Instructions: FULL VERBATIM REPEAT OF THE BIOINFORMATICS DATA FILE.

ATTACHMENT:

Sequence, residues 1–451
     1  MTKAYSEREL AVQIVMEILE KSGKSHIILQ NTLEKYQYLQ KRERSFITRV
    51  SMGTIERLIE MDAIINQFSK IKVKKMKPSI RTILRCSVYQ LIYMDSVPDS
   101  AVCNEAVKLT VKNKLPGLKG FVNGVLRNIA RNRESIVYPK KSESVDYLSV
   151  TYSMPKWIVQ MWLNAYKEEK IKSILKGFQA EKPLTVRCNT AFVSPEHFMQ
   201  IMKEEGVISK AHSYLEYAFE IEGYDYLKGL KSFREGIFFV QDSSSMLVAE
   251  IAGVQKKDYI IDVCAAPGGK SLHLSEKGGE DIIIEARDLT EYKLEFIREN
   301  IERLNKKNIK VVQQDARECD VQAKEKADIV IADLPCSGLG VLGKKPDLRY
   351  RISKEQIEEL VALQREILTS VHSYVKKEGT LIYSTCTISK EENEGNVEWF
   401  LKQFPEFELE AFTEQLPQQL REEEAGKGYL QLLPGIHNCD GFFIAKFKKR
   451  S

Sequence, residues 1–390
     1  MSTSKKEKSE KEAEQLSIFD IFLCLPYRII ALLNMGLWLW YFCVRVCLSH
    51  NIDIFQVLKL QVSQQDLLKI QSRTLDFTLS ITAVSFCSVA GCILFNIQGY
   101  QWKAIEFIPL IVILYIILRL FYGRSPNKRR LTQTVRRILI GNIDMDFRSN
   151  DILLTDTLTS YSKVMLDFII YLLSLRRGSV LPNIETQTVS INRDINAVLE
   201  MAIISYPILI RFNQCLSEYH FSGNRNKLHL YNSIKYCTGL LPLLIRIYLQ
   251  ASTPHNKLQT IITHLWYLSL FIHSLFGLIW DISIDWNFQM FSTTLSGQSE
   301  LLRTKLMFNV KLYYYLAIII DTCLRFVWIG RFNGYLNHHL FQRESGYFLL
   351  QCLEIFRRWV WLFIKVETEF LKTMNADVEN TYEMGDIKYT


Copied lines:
Sequence, residues 1–451
     1  MTKAYSEREL AVQIVMEILE KSGKSHIILQ NTLEKYQYLQ KRERSFITRV
    51  SMGTIERLIE MDAIINQFSK IKVKKMKPSI RTILRCSVYQ LIYMDSVPDS
   101  AVCNEAVKLT VKNKLPGLKG FVNGVLRNIA RNRESIVYPK KSESVDYLSV
   151  TYSMPKWIVQ MWLNAYKEEK IKSILKGFQA EKPLTVRCNT AFVSPEHFMQ
   201  IMKEEGVISK AHSYLEYAFE IEGYDYLKGL KSFREGIFFV QDSSSMLVAE
   251  IAGVQKKDYI IDVCAAPGGK SLHLSEKGGE DIIIEARDLT EYKLEFIREN
   301  IERLNKKNIK VVQQDARECD VQAKEKADIV IADLPCSGLG VLGKKPDLRY
   351  RISKEQIEEL VALQREILTS VHSYVKKEGT LIYSTCTISK EENEGNVEWF
   401  LKQFPEFELE AFTEQLPQQL REEEAGKGYL QLLPGIHNCD GFFIAKFKKR
   451  S

Sequence, residues 1–390
     1  MSTSKKEKSE KEAEQLSIFD IFLCLPYRII ALLNMGLWLW YFCVRVCLSH
    51  NIDIFQVLKL QVSQQDLLKI QSRTLDFTLS ITAVSFCSVA GCILFNIQGY
   101  QWKAIEFIPL IVILYIILRL FYGRSPNKRR LTQTVRRILI GNIDMDFRSN
   151  DILLTDTLTS YSKVMLDFII YLLSLRRGSV LPNIETQTVS INRDINAVLE
   201  MAIISYPILI RFNQCLSEYH FSGNRNKLHL YNSIKYCTGL LPLLIRIYLQ
   251  ASTPHNKLQT IITHLWYLSL FIHSLFGLIW DISIDWNFQM FSTTLSGQSE
   301  LLRTKLMFNV KLYYYLAIII DTCLRFVWIG RFNGYLNHHL FQRESGYFLL
   351  QCLEIFRRWV WLFIKVETEF LKTMNADVEN TYEMGDIKYT